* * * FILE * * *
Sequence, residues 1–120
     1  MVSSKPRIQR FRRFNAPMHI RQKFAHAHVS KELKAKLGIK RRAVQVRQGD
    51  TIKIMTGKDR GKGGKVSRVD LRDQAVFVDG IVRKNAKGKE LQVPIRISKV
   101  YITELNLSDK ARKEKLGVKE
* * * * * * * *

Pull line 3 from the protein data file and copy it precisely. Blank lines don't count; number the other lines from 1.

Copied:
    51  TIKIMTGKDR GKGGKVSRVD LRDQAVFVDG IVRKNAKGKE LQVPIRISKV